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Word of Mouth
Final results: Summary results | Town resultsThe BasicsThe New Hampshire primary is a mainstay in American electoral politics. Every four years, voters gather to help determine the Republican and/or Democratic nominee for President. While the state only has 12 electoral votes in 2012 (normally it’s 24, but the Republican National Committee penalized the state party for moving up the event date), the primary’s position as one of the earliest contests gives the state out-sized influence over the nomination process.Only the Iowa caucuses come before New Hampshire’s primary. Traditionally, New Hampshire’s broad-based primary contest has been seen as a counter-weight to Iowa’s more drawn-out caucus process, which tends to draw a smaller core of party faithful. In the case of the 2012 Republican race, New Hampshire’s electorate is seen to represent the more libertarian-leaning, fiscally conservative wing of the party, while Iowa voters are seen as representing the socially conservative wing of the GOP base.N.H. Primary summary provided by StateImpact - NH reporter, Amanda Loder

Word of Mouth for 01.14.12

Photo by Lockhart Steele, courtesy of Flickr Creative Commons

Part 1: Political Red Herrings

Absent tight races or sex scandals, pundits, op-eds and media-makers occasionally flirt with tantalizing uncertainties to liven things up. Salon news editor Steve Kornacki wrote about five of the biggest non-stories you’ll hear far too much of during campaign 2012 - none of which (he says) will amount to a hill of beans.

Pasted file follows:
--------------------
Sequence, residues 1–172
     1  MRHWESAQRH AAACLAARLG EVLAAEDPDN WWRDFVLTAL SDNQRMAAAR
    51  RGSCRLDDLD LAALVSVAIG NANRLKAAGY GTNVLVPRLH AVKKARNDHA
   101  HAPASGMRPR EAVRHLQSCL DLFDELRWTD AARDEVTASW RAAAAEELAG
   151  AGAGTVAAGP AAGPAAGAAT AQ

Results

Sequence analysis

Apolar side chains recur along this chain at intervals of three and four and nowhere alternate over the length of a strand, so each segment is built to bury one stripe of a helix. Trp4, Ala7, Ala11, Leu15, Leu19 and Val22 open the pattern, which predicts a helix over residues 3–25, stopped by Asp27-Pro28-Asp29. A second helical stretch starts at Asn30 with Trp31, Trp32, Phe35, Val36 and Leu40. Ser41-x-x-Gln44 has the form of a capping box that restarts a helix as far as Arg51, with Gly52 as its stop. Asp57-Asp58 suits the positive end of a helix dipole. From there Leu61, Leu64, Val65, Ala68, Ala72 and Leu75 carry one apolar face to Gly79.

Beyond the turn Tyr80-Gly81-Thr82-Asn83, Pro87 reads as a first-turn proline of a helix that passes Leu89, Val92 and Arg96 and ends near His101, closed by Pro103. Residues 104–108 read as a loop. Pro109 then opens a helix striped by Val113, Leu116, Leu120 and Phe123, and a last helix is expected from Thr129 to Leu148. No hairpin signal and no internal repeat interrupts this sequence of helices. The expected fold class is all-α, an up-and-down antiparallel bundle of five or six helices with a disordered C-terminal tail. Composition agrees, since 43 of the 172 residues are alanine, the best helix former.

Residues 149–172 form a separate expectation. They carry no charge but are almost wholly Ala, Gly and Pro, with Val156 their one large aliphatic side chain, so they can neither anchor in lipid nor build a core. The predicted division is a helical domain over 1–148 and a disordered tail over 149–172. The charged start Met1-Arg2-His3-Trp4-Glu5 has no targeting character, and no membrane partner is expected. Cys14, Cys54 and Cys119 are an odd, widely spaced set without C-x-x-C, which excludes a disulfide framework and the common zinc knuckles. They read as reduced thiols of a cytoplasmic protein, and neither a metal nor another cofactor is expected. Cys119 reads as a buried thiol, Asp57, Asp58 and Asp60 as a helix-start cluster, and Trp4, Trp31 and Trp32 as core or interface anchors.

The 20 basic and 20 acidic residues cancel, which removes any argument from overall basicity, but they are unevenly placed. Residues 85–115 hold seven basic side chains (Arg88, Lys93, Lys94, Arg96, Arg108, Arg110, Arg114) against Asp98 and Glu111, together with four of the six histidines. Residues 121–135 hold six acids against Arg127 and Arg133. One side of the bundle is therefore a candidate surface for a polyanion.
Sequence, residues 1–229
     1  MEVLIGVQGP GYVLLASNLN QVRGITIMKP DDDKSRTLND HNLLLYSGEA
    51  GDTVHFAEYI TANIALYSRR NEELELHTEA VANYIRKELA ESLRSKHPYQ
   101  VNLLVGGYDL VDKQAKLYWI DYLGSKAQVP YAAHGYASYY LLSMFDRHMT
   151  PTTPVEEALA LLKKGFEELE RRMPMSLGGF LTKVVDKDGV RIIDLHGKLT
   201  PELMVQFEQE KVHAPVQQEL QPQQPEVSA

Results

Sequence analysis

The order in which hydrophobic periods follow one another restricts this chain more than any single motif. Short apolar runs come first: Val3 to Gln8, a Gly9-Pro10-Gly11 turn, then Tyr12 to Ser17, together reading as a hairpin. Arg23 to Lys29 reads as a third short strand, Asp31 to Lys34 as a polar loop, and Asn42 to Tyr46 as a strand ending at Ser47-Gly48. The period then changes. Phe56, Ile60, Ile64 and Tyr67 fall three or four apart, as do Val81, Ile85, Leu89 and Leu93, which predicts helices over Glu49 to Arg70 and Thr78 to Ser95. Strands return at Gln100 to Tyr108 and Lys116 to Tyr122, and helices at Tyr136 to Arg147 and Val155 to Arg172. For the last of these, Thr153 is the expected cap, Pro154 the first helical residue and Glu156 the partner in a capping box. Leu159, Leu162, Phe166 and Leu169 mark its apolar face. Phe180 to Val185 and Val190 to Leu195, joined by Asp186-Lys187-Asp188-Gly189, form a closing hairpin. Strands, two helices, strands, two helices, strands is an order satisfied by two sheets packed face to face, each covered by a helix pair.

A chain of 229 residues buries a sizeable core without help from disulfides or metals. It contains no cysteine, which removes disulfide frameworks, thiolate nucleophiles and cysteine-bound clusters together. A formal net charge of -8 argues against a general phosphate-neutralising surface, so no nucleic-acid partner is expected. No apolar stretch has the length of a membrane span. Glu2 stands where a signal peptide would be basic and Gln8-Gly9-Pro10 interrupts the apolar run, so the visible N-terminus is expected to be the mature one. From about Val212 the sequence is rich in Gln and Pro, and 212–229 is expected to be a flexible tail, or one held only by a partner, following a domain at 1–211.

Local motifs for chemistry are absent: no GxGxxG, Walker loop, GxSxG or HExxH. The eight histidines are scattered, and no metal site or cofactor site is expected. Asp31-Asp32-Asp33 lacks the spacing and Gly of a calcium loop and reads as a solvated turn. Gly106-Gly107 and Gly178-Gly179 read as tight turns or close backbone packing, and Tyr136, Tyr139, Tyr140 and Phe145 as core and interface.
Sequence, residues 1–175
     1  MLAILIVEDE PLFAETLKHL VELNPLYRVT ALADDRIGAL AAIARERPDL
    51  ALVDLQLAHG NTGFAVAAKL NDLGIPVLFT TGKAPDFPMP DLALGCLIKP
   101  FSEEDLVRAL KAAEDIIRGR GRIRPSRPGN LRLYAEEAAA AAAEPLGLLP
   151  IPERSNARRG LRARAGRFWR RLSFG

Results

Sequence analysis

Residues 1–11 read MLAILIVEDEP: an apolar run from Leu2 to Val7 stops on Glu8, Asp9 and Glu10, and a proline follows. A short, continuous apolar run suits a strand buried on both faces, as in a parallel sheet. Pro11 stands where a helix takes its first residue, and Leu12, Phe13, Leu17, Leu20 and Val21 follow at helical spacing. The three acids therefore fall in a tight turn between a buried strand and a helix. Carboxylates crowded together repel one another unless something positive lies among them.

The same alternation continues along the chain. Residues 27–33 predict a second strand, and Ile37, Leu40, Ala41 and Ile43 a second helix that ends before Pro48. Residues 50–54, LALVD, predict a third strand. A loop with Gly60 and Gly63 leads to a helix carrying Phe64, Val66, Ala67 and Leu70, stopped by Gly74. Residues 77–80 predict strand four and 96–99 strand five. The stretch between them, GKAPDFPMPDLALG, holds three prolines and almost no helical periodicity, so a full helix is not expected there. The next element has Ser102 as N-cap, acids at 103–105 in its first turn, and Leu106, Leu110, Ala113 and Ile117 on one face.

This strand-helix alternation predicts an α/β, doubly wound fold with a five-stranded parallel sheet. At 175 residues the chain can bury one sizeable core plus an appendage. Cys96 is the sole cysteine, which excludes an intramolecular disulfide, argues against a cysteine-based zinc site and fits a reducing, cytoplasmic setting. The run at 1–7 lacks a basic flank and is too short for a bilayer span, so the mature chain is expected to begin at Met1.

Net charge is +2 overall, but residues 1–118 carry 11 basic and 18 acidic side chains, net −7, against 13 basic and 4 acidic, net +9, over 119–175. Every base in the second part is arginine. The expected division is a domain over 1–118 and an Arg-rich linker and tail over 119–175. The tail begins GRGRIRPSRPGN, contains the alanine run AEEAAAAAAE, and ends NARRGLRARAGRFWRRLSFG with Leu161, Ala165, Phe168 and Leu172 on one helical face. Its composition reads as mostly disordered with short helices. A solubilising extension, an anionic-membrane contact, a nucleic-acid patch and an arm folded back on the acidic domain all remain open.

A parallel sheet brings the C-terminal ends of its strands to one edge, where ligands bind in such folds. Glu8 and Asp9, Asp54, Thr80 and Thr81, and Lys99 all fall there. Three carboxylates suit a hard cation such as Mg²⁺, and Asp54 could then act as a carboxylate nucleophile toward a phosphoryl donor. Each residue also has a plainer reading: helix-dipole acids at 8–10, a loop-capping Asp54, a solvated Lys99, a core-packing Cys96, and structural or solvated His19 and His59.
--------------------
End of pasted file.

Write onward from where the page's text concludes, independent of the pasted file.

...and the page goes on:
Part 2: Ten Revolutionary Tea-Parties you weren’t invited to

And now, the spread of the tea party…circa 1774. We’re talking about the Annapolis Tea Party…the New York Tea Party, and other protests that boiled over in the colonies from Maine to North Carolina. These copycat protests were buried by the 92,000 pounds shoved overboard in Boston. Historian Joseph Cummins highlights the significance of the original tea party craze in a new book called “Ten Tea Parties: Patriotic Protests that History Forgot.”

Part 3:  Faith on the Field

The most recent squabble about faith in America is not about the relative piety of the GOP candidates, but rather the spectacle of one Tim Tebow. The Denver quarterback’s in-game displays of devotion on bended knee make him the target of criticism and adulation.  Tebow’s public prayers have inspired a new verb, and a host of memes - including gobs of babies and toddlers “tebowing” on YouTube.  The devout blame the godless media for stirring things up.  Secular audiences  -- and broncos haters – poke fun at the presumption that God favors Tebow. We wondered how a member of the clergy might feel about mixing god with football.  Jason Wells, Vicar at Grace Episcopal Church in Concord, was a good enough sport to tackle the subject.

Part 4: Hope: A Tragedy

There are strange noises and a rotten smell coming from the attic of Solomon Kugel’s old farmhouse in upstate New York. Downstairs, his wife resents him, his kid is sickly and his mother imagines herself a holocaust survivor, even though she was born and raised in New York City. Yet, Kugel remains an optimist, which his shrink declares is the problem: the more hell bent one is on life, the more terrified of death. Kugel is part Nathan Zuckerman, part early Woody Allen, and the entirely comic protagonist of Hope: a Tragedy, a new novel by Shalom Auslander. Shalom is a regular contributor to PRI’s This American Life, and author of the international bestseller, Foreskin’s Lament.

For links to content mentioned during any of these interviews, click on the corresponding segment listed below under "related content".  


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